DSC_0124Oh wait, there is a bit of red in the blue city.  In the shady main square of Uta el Hammam is the red-walled casbah, a 15th-century fortress and dungeon with ethnographic and art exhibits. Be sure to explore it.

If you have been to Morocco’s blue city, what are your fondest memories there?  If you have not been there, what makes you want to go there?


Morocco: The Red City of Marrakesh

North central Morocco was where we have been based for the last few days touring the medieval city of Fez and nearby Chefchaouen, Meknes and Volubilis and we were mesmerized by each city’s unique character. To cap our Moroccan holiday, our last destination and our point of exit would be Marrakesh. We hired the same travel guide that took us around north central Morocco for our road trip to Marrakesh stopping for a night in steamy Casablanca. If Chefchaouen evokes the shade of blue, if Fez sparkles gold and if Casablanca emits its polluted gray, Marrakesh surely explodes brightly in red.


We entered Marrakesh on a stunningly sunny day and we immediately understood why it is called the “Red City”. Almost every building we saw were built using the signature red bricks.




Be it government or private buildings………




…..the red bricks were a construction staple.




It was red all over.




Okay, I am exaggerating.  Probably except for the Royal Theater pictured here and a few other buildings, everything we saw were made of red bricks.




With so many excellent choices of hotels and riads in Marrakesh, from the ultra opulent to the less swanky, the Mogador Palace Agdal was our choice as base.  It is a very affordable yet a seemingly palatial choice.  This hotel is located in the center of the new tourist zone, and faces the Atlas Mountains, the ancient wall of the Royal Palace and Marrakesh’s Gardens of Agdal.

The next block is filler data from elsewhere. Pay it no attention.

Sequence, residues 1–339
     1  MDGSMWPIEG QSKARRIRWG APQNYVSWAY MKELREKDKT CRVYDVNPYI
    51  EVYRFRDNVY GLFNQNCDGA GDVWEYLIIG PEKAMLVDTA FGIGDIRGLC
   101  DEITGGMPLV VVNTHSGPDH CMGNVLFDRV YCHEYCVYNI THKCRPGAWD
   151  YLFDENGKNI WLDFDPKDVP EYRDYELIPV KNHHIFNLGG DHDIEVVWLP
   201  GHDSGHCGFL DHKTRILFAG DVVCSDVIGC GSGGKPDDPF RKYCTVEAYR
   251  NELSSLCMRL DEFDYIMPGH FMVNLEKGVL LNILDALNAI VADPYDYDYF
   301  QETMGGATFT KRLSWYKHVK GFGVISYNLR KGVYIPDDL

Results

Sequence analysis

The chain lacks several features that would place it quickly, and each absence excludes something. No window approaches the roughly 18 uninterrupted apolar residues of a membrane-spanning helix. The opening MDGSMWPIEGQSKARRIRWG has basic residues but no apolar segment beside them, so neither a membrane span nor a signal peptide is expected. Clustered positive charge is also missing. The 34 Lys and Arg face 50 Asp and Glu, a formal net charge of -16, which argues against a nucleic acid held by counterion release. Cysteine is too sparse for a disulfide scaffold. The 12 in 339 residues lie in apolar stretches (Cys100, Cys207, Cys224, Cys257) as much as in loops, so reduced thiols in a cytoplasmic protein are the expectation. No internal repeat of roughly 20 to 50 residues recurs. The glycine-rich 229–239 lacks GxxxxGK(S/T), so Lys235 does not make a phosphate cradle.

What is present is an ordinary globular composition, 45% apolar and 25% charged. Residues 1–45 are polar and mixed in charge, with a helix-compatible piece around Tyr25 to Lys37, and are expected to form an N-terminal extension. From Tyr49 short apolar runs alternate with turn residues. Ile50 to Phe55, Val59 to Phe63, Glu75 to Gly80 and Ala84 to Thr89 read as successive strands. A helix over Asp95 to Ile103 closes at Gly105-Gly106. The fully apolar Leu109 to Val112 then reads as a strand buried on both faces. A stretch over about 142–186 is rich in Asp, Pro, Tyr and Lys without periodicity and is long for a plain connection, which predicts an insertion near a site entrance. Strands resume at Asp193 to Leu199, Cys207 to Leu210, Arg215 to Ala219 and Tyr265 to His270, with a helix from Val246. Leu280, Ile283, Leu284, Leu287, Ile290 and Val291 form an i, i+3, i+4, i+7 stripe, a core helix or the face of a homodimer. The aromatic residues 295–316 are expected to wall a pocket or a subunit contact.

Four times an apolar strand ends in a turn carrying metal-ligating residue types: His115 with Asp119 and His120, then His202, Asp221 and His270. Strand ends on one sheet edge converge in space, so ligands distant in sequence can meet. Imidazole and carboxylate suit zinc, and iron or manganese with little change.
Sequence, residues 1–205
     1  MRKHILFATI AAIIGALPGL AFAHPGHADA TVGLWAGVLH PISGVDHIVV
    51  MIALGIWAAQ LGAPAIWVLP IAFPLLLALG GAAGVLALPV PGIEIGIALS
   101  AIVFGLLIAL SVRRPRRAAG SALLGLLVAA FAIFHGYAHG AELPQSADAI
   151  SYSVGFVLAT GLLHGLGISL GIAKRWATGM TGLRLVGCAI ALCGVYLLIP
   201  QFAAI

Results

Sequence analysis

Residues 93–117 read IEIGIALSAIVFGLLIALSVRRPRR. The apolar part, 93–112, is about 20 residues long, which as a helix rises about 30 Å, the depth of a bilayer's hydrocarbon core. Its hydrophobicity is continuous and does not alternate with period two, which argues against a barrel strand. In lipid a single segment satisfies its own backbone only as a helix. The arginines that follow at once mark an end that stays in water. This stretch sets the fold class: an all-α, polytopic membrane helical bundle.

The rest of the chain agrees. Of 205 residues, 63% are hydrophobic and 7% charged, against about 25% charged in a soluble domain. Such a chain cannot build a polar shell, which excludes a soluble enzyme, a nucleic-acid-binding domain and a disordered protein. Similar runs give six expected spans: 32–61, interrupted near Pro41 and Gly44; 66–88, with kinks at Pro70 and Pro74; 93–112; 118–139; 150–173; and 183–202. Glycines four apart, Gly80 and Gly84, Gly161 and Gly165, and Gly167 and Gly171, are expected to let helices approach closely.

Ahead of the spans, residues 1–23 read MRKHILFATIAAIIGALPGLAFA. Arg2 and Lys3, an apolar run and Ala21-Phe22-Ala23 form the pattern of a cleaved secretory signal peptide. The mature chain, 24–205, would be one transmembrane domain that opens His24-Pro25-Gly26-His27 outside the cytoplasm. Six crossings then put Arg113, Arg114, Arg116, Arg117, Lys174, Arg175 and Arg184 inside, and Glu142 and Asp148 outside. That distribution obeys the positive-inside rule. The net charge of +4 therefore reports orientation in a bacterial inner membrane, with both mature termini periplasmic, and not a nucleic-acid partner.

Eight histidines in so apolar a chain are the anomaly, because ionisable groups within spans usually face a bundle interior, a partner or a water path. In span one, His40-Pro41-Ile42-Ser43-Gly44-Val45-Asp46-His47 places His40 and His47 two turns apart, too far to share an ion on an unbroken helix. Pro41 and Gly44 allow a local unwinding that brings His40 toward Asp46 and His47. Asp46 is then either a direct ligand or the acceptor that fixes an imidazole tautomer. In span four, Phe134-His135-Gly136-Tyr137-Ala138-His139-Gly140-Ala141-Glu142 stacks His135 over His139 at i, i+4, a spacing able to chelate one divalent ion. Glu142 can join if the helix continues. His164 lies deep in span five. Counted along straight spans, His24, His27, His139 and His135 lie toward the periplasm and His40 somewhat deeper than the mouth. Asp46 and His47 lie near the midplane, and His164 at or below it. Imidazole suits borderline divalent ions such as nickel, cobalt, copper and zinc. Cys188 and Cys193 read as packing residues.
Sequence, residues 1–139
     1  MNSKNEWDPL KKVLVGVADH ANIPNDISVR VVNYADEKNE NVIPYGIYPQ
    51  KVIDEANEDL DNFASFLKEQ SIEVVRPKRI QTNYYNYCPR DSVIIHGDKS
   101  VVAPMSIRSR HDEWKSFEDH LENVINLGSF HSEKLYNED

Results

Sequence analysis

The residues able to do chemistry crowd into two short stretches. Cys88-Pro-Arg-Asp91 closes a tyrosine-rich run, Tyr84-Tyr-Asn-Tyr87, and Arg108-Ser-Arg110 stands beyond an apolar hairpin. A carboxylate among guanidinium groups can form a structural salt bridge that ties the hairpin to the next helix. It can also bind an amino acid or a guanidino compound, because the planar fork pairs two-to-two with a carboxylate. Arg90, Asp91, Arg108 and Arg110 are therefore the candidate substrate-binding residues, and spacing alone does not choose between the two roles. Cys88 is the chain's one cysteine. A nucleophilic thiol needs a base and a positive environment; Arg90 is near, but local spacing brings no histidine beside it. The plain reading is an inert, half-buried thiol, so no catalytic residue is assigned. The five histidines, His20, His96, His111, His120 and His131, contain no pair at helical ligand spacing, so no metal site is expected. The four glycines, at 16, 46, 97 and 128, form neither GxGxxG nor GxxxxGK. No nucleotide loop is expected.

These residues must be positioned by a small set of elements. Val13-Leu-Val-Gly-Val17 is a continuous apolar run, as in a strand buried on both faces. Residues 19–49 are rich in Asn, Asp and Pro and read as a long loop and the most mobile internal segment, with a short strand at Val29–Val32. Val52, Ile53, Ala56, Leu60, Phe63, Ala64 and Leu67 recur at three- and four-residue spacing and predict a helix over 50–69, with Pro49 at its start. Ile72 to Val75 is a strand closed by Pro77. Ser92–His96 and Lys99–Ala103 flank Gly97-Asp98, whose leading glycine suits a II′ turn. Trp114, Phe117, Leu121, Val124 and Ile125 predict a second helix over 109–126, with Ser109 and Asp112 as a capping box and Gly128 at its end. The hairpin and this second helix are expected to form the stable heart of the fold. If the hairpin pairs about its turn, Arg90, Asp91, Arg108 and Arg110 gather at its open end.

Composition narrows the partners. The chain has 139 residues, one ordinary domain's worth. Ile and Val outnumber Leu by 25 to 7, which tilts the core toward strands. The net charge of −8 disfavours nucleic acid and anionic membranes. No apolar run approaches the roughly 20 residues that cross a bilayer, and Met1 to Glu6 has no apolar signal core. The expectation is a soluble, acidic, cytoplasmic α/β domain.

One of the reasons we booked this hotel was its elaborately-decorated and exquisite lobby where we were welcomed with Moroccan tea and sweets. [photo of the lobby courtesy of hotel]




Considering the vast layout of the hotel comprising of 750 rooms spread out in a sprawling complex,  we found it quite a long but interesting walk from the lobby to our room passing through intricately-designed hallways.




Another reason we chose this hotel was its stunning pool views. We liked best the hotel room balcony overlooking  the pool.




Yes, we had this amazing view from our room!




We spent some time in and around the pool.




My wife and I were actually 32 weeks pregnant so in a way our activities in Morocco were quite limited. In Marrakesh, our last leg of the tour, we were already content taking our selfie in this magnificent hotel by wrapping my DSRL’s strap around a palm tree and voila, we had our first wedding anniversary memoir. I stopped carrying my heavy professional camera stand a few years back.




Here are more photos at the pool side.




Myself at the amazing poolside.




Another shot of myself at the amazing poolside.





Relaxing at the hotel pool side feasting on some local food is one of the more relaxing activities we had in the red city.




One of the best things to do in Marrakesh is to experience the frenzy at its main square, Jemaa El Fnaa, from sunset to late.  You can still visit it during the day and there would be restaurants and other establishments that would be open but the square would be mostly empty.